On 4th July 1845 – Independence Day, suitably enough – the young Henry David Thoreau went into the woods at Walden Pond, near the town of Concord, Massachusetts, and lived there for two years, two months and two days. He built his own home – a hut measuring 3m x 4.5m (10 x 15 feet) – growing his own food and generally trying to live, as he put it, “not… cheaply or dearly,” but “deliberately”.
Thanks to Cameron Mowat’s gentle, unforced performance and delivery, we get a real sense of Thoreau’s oh-so-American idealism as he rolls up his shirt sleeves to get started.
He certainly wasn’t a hermit; Thoreau welcomed visitors of all kinds to his woodland home, as well as the discussions they inspired. Nor was he completely beyond the noises of human civilisation; he regularly visited Concord and was well within earshot of a nearby railway line. Nevertheless, Thoreau believed that we needed to simplify our lives in order to better understand ourselves and grow, spiritually; that our days – and this was back in the mid-19th century, remember – had become too focused on the noise of business and geographical expansion. Unsurprisingly, his words still resonate with many people today.
Nicholas Bone’s stage adaptation of Thoreau’s book, for his own Magnetic North theatre company, remains a timely work – seven years after its first Edinburgh performances. Bone’s chosen setting – designed in conjunction with the artist and architect duo known as Sans façon – is simple enough; an oval formed from two curved bench seats, defining a performance space empty apart from a small pile of fine sand. It is into this space that Cameron Mowat enters – having previously sat down with the audience. This is a back-to-basics idea of theatre; there’s little in theatrical props or “business” to detract from the spoken words, while the audience are all clearly visible to each other as well as the actor.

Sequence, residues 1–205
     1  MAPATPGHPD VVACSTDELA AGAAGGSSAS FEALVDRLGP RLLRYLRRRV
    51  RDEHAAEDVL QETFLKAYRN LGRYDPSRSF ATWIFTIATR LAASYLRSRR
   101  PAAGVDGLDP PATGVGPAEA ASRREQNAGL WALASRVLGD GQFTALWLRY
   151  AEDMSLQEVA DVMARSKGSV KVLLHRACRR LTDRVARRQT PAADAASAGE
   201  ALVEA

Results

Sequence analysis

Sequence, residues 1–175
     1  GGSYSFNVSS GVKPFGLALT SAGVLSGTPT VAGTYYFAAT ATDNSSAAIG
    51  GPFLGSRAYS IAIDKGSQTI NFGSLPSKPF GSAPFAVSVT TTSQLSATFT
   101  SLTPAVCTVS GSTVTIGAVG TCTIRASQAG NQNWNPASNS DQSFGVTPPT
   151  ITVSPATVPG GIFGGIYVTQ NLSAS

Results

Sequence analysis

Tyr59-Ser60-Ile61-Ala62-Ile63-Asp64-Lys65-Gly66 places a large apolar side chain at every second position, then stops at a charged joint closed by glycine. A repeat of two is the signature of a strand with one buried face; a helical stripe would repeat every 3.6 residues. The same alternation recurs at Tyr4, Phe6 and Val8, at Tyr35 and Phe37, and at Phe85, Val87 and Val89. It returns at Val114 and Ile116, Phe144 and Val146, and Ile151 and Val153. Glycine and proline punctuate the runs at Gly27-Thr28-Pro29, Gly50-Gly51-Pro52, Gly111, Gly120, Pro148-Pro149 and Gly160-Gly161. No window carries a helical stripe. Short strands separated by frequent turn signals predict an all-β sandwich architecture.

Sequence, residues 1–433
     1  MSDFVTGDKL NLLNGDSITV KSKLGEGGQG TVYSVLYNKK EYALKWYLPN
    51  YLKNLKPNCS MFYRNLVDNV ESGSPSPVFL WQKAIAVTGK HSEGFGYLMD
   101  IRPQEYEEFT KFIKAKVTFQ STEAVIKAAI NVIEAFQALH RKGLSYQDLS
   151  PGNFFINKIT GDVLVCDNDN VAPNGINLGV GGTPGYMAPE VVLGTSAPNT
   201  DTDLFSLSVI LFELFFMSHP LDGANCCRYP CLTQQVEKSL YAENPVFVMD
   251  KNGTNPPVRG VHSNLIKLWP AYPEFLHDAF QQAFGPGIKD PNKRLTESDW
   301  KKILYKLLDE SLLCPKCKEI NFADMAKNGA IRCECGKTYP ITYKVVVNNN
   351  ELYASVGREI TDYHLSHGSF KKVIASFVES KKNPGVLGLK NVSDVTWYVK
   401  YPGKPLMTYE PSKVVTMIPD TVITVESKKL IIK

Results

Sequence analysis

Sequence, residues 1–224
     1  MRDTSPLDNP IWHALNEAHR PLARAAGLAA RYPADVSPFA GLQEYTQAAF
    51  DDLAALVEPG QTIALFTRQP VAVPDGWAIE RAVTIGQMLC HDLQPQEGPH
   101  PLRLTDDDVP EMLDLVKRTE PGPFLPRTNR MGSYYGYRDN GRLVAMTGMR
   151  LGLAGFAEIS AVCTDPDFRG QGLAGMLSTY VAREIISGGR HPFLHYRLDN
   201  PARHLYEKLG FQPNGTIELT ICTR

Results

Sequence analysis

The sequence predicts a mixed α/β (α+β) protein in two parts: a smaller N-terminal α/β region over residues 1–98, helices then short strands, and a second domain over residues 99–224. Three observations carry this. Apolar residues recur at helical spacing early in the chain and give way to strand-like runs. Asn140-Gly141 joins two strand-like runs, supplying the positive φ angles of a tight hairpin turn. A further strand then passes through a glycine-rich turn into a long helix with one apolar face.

And what words; you might not necessarily agree with either Thoreau’s observations or logic – his innate distrust of continent-spanning industry and commerce doesn’t necessarily chime with the mass-produced books without which he believed no “cottage” would be complete. Thoreau’s approach is an almost instinctual intertwining of detailed observations of the world around him, his own personal memories and experiences, and an awareness of history and symbolic meanings. Thanks to Cameron Mowat’s gentle, unforced performance and delivery, we get a real sense of Thoreau’s oh-so-American idealism as he rolls up his shirt sleeves to get started.
On the whole the production works very well, although the hard wood seating for the audience grows more uncomfortable with every passing minute – though perhaps that’s deliberate. Significantly, Bone’s adaptation of Thoreau doesn’t linger too much on the man’s eventual reasons for leaving his lake-side hut and returning to sojourn among civilisation; instead, the final emphasis is on the value of living much more in the moment, and looking for the potential in ourselves rather than elsewhere.